(portable) operation on 6m, 4m and shortwave bands
For the last few years I have been using a 3 Element SteppIR beam for the upper shortwave bands. It can be tuned stepless from 14 to 30 MHz and changes the length of the three elements by electrical motors. It is connected to the TRX and the computer via a common CAT interface line and tunes to the current transmitting frequency automatically. Via a simple key touch/command the first and third element length can be swapped which means a 180° inversion within only few seconds. The rotor is also connected to the computer via a USB interface; by this the whole rig can be controlled remotely from LAN.
Linking being outdoors and doing some ham radio activity is what I like most. I fancy to take some antenna equipment and hike to a lonely place. During early summer (Es season), my favourite bands are 50 and 70 MHz. I have built a transverter for the latter which works quite well with a homebrew 3 element yagi. After now having moved to a site with excellent HF/VHF conditions, I plan to bring up a 70 MHz beacon/monitor rx. Besides voice operation my favourite modes include all kinds of digital noise like FT8/4/Q65, PSK, WSPR, RTTY, SSTV and sometimes CW.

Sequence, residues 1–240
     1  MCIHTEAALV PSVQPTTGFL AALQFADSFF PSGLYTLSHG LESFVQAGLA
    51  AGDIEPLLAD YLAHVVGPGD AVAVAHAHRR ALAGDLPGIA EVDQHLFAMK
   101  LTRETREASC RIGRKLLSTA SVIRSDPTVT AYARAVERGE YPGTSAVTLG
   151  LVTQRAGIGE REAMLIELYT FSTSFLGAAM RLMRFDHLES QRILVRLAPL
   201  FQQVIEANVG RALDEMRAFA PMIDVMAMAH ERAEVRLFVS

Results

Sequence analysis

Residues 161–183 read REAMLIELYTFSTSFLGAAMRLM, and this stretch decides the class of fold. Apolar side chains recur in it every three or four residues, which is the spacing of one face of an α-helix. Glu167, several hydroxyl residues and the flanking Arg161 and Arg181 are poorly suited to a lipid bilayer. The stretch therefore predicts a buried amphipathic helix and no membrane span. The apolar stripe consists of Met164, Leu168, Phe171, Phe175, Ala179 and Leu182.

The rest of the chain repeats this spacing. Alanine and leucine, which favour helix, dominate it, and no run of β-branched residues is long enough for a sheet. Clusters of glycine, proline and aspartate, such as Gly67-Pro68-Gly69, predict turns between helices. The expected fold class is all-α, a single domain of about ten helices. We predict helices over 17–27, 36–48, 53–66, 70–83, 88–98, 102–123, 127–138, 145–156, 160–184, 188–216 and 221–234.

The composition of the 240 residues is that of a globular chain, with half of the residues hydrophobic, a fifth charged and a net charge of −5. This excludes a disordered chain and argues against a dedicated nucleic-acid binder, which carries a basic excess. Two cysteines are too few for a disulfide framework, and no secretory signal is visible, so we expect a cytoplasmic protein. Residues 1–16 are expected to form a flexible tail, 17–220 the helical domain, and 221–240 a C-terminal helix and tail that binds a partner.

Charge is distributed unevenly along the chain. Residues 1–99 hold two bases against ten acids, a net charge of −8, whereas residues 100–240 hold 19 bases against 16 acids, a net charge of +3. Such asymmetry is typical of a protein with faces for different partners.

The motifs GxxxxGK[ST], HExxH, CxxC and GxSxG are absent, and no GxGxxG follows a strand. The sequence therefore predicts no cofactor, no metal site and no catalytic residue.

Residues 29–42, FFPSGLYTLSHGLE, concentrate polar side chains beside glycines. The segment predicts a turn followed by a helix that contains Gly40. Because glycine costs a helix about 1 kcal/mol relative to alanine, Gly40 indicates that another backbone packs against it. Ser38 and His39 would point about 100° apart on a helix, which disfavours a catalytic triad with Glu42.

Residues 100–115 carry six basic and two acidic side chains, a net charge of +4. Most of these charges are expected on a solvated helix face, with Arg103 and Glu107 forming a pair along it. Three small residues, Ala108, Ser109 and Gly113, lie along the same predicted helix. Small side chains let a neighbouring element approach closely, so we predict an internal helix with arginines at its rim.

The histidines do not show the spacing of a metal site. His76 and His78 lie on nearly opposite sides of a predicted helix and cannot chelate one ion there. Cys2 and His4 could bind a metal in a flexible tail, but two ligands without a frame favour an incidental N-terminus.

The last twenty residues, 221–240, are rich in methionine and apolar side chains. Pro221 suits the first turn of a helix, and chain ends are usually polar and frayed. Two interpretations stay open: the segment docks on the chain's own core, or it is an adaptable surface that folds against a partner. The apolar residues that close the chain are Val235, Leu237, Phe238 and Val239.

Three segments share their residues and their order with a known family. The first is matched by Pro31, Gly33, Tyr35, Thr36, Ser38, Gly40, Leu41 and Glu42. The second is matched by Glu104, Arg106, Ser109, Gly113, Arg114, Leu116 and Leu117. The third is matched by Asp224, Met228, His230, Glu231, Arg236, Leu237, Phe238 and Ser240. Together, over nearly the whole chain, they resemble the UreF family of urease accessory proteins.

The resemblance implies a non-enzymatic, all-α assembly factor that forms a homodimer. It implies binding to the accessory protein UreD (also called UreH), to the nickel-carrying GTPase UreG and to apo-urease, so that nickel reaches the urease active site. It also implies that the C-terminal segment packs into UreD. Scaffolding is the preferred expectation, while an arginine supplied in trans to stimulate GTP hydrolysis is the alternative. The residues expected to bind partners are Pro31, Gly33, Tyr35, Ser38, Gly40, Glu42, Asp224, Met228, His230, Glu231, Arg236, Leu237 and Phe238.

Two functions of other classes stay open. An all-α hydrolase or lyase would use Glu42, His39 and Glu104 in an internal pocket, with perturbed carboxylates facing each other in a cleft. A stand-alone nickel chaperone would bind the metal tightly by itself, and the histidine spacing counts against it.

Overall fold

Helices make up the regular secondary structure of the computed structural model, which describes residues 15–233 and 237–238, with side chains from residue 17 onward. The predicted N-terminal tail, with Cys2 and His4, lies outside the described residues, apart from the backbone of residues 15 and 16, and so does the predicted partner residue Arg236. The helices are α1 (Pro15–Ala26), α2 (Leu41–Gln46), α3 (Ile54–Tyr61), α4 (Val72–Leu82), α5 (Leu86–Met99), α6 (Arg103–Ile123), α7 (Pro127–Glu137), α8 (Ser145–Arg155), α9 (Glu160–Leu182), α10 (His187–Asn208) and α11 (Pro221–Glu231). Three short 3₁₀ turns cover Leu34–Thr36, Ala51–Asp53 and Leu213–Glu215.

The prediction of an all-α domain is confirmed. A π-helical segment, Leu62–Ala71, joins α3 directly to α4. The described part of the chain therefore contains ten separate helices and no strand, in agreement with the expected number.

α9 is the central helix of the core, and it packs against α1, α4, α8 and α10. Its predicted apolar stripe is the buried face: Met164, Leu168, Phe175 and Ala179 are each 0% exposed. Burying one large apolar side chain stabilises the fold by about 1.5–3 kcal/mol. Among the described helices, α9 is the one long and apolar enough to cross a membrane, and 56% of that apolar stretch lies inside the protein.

At the moment, QO-100 satellite equipment is under heavy construction but not yet qrv. While playing around in the shack, I am often listening (and sometimes talking) to DMR BrandMeister. Car is pimped by a Hytera MD655 for DMR and analog voice operation. Various MMDVM-based hardware has been built in the past: Not only a Raspberry Pi based hotspot but also a 70 cm DMR-repeater consisting of a MMDVM/Arduino/Raspberry-combi and two modified Motorola GM radios.